It's no secret that I am into butterflies and moths and other winged bugs of all shapes and sizes. No discrimination here!
Though I do draw a line at the juvenile form of the Cereal Leaf Beetle. Can I get a YUCK mam! Google those and you will never sleep again.
Trust me, they have absolutely nothing to do with cereals!
Actually, you can put most bugs in the larval cycle on my list of bugs that gross me out!
So that minor intolerance aside, it actually comes as a surprise to me that I have never thought of adorning Easter eggs with my little bug friends. So this year, that is just what I wanted to do! Naturally.
But since I don't have the patience to paint butterflies - you know with a paintbrush and the lot - I figured that decoupage is the way to go!
It can't get any easier than decoupage - probably the easiest way to spruce up any item in the house really!
I learned to decoupage at a friend's birthday party during my elementary school years. We glued napkin designs onto tiny cardboard boxes. I turned one into a bed of sunflowers while the other was adorned with sea shell motifs.
I didn't really think of adding butterflies at the time. Fittingly, I stored little insects I made from beads and wire inside the boxes though - so there you go.
I am obsessed.
That's ok though, I know how to deal with my condition.
ADD BUTTERFLIES TO EVERYTHING!
Just kidding. It's not that bad.
But these Easter eggs, they're pretty fantastic you must admit. They kind of look like they were cut from a children's book called something like “The Anatomy of our Littlest Friends, the Bugs".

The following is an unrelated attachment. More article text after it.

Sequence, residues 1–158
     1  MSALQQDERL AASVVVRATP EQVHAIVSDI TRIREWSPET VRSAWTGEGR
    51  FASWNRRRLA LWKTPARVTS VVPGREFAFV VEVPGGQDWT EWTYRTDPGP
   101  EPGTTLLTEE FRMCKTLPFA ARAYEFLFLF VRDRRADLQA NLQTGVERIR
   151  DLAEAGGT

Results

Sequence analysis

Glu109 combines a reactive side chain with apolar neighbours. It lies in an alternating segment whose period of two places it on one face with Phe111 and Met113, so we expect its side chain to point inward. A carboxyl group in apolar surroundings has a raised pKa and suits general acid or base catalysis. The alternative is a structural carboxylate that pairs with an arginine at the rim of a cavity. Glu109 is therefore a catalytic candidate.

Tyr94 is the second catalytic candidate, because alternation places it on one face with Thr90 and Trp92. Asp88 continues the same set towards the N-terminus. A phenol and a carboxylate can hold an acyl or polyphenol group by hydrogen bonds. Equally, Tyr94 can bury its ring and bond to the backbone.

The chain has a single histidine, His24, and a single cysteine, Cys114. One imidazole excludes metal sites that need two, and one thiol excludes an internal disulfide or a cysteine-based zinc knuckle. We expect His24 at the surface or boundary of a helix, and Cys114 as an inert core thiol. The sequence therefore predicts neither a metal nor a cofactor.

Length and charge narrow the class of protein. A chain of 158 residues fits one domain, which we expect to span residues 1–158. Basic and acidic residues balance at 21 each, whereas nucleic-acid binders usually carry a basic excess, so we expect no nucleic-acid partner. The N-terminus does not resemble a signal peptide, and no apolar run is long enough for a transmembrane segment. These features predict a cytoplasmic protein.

Add informational labels to the images indicating the antennae, wingtip, cell and hindwing to make you Easter egg hunt educational!
HERE’S WHAT YOU’LL NEED for one egg:
- hard-boiled egg
- Mod Podge, matte drying
- paint brush
Step 1: Paper napkins work best for decoupage, so if you can find a design you like I recommend using those. Otherwise, simply print off your desired design onto thin paper. (I got my images/free vectors from Vecteezy.com.) Be sure to use toner that won’t blend so the color won’t smear when the top coat is applied.
Step 2: Use scissors to cut out the design close to its edges. Don’t worry about leaving a small border around the image.
Step 3: Place the image you just cut out onto the hard-boiled egg to figure out the desired placing. Make sure the surface of the egg is clean and dry. Once you are ready to go dip your brush into the Mod Podge and apply a thin coat where the image will go. A sponge brush will work best, but a bristle brush will do also. If you do not have any mod podge at hand, mix some plain white glue with water (50%-50% ratio), stirring well.
Step 4: Carefully lay the image onto the area to which you applied the glue. Try to avoid any bubbles or wrinkling. Add another layer of glue on top of the image smoothing it as you go along. Move the brush from the center outward. Let dry.
Step 5: Add labels using a permanent marker.
Do you suppose the Easter bunny knows how to decoupage?